Populism, in Israel and in other countries, is anti-cosmopolitan, anti-globalist, and anti-European. This deep suspicion of outside cultural forces goes hand in hand with an affirmation of one’s primordial cultural identity, which is antithetical to the supposed recourse to international law of “elites,” courts and norms. This is also the reason why religion and nationalism play a key role in the affirmation of this primordial cultural and ethnic identity. Finally, and most curiously, we may say that populism embodies a discourse of rebellion. The left no longer holds the center of the discourse of protest. Rebellion and transgression have shifted to the right.

This book has suggested that such political views are cast into deep stories which activate four key emotions and that a sociology of affects and emotions may be a useful grid to understand the mechanism through which populist leaders make sense of the malaise experienced by many social groups through narratives which spread anti-democratic ideas and hold their grip on their followers. This grid can and should be modulated in different countries and is not, obviously, the only explanation of populism. Rather, it is only one way of understanding its complex and changing forms.

On the basis of the Israeli case, there is one dimension of populism I find most distinctive, namely the fact that leaders from the extreme right have successfully severed the traditional relationship of the left with the working classes and have cast it as representing the elites. If there is one process which the Israeli case illustrates most cogently, it is exactly this: the conflation of a left-wing agenda (based on universalism, human rights, redistributive justice, and cultural pluralism) with “elitism” and with the idea that the elites no longer care (or never cared) for their own people. Many elements converge and coalesce around this new perception of the left: the fact that the working classes and some of the middle classes have been dismantled by global capitalism; the new geographical and cultural sharp divide between large cities and small towns, rural areas, or what is bluntly called in Israel the “periphery,” with the former having mostly benefited from globalization and the latter having been hurt or destroyed by it; the increasing chasm between groups attached to the traditional family and a left demanding change in the realm of reproduction, sexuality, and gender relations at a speed that other social groups cannot follow; the weakening and fragmentation of the left (in Israel and worldwide), as well as its division between a traditional and so-called progressive left – all of these constitute the social basis for the new structure of feeling that has helped the populist right recast the social democratic left as a new elite, which speaks a foreign language and represents the interests and points of view of agents inimical to the nation. Israel, Hungary, Poland, and Trump’s America have offered cogent and powerful examples of this process. Israel offers a particularly crisp case study because the overt class and ethnic struggles between Ashkenazim and Mizrahim overlap to a great extent with the struggles between the left and right and help explain how Mizrahi working-class voters have consistently subscribed to the agenda of the right for the last three decades. Israel’s relatively new techno-capitalist elites are deeply involved in the globalization of the economy and relatively uninvolved in mending the large socio-economic gap between them and the working class, which in turn only fuels the deepening political chasm capitalized on by the populist right.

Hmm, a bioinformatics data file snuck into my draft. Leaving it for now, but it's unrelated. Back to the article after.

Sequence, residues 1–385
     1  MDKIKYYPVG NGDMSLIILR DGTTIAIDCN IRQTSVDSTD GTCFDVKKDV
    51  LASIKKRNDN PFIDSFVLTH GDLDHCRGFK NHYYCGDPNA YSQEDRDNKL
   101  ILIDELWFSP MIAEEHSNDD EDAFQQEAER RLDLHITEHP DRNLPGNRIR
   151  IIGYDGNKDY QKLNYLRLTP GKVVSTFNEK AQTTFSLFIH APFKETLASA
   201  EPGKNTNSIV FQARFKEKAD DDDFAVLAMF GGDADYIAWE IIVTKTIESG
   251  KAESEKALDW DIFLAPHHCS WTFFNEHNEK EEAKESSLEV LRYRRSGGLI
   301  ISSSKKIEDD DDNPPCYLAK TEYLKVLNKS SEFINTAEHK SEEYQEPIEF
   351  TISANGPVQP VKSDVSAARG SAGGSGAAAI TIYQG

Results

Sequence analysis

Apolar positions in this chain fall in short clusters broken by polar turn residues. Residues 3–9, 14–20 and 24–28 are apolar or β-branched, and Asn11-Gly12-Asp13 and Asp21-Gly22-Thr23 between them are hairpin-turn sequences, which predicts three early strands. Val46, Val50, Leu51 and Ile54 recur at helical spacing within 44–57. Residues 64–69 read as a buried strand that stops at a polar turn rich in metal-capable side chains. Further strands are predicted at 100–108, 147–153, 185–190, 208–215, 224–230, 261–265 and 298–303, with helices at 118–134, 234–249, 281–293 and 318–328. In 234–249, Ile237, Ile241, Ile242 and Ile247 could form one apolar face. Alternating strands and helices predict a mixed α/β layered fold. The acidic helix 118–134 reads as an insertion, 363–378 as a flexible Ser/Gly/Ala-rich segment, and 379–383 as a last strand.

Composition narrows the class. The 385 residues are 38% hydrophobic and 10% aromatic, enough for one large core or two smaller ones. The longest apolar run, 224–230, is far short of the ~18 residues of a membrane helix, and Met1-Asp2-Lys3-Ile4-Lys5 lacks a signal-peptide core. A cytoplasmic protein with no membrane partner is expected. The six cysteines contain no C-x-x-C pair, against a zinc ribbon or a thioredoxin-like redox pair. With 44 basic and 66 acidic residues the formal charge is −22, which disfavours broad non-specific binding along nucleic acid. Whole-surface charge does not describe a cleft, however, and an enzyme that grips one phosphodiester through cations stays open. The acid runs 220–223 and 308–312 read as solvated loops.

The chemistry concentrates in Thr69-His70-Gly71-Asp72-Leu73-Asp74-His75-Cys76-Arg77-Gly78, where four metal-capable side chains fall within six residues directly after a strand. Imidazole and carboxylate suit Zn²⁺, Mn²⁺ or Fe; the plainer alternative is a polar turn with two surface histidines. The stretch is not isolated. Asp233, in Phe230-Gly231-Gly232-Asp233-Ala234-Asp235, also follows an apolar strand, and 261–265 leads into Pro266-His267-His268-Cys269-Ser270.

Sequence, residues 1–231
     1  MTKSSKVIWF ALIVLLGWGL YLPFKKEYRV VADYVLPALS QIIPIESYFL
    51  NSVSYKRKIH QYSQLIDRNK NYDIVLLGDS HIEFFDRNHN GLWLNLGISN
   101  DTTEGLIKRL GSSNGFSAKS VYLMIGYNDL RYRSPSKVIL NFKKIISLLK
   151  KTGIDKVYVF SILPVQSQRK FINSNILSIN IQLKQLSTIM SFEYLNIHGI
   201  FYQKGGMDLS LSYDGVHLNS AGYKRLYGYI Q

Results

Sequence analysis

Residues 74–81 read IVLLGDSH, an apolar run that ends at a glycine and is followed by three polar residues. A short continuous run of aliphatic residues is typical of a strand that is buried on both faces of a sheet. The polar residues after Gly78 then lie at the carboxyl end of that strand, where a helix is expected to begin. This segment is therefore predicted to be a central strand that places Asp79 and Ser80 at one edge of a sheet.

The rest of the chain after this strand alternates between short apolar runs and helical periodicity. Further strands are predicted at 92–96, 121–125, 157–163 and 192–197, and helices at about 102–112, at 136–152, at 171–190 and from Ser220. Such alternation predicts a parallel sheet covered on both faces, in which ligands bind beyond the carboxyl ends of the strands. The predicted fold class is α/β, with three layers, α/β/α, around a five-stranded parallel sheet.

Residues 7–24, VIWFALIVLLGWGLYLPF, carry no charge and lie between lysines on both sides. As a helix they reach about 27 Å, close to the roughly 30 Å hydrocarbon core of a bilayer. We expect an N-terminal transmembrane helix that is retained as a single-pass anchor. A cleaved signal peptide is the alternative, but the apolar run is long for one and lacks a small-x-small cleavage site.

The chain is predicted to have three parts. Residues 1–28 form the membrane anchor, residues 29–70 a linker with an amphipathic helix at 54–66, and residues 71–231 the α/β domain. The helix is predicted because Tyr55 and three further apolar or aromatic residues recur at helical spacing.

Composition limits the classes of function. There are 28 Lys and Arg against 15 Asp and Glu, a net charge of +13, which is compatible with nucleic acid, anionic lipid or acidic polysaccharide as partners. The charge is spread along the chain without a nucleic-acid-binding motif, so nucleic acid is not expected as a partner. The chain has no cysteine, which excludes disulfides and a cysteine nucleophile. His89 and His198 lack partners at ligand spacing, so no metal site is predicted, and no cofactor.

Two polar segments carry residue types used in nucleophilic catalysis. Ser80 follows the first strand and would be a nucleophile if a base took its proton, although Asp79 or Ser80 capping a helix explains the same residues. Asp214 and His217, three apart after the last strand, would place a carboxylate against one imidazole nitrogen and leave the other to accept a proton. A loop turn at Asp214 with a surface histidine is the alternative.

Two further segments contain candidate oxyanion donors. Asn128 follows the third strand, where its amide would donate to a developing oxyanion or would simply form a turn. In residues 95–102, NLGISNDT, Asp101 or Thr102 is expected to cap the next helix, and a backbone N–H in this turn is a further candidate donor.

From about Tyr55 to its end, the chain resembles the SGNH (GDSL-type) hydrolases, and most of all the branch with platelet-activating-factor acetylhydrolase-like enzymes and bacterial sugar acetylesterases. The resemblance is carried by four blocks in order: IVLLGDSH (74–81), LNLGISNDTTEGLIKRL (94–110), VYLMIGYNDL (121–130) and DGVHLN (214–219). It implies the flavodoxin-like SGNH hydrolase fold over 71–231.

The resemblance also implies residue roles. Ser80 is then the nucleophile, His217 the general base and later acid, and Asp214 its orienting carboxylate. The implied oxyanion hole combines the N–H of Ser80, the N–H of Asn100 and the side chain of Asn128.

The political affects and emotions analyzed in this book do not explain populism so much as aspire to provide a thick description of the ways in which voters grasp their social world and build their political identities around affects which are all the more powerful in that they are also moral. Indeed, a key insight concerning populism is that it appeals to moral affects, defined as strong responses to moral violations, such as how we define good or bad behavior, good or bad people, how worthy our group is, and how we protect it. Populist leaders know to recode problems to be solved by experts (for example, how much immigration should or should not be encouraged for the economy) into moral ones (how much immigrants threaten our way of life). Trump, Orbán, Le Pen, or Netanyahu have done this very successfully. The progressive left has also entirely recoded social problems into moral struggles and economic policy into identity, a fact that explains why the political terrain has become so polarized and why it is now played on the terrain of morality. Moral emotions such as fear, disgust, ressentiment, and love for the group create a morality of exclusion and self-celebration.

***

Eva Illouz is Directrice d’Etudes at the EHESS in Paris and Rose Isaac Chair of Sociology at the Hebrew University of Jerusalem.

Reprinted with permission from The Emotional Life of Populism: How Fear, Disgust, Resentment, and Love Undermine Democracy by Eva Illouz. Published by Polity Press © 2023. All rights reserved.

***

MORE FROM EVA ILLOUZ

THE END OF LOVE

The Montréal Review, October 2021

***

 

 

The Montréal Review © All rights reserved. ISSN 1920-2911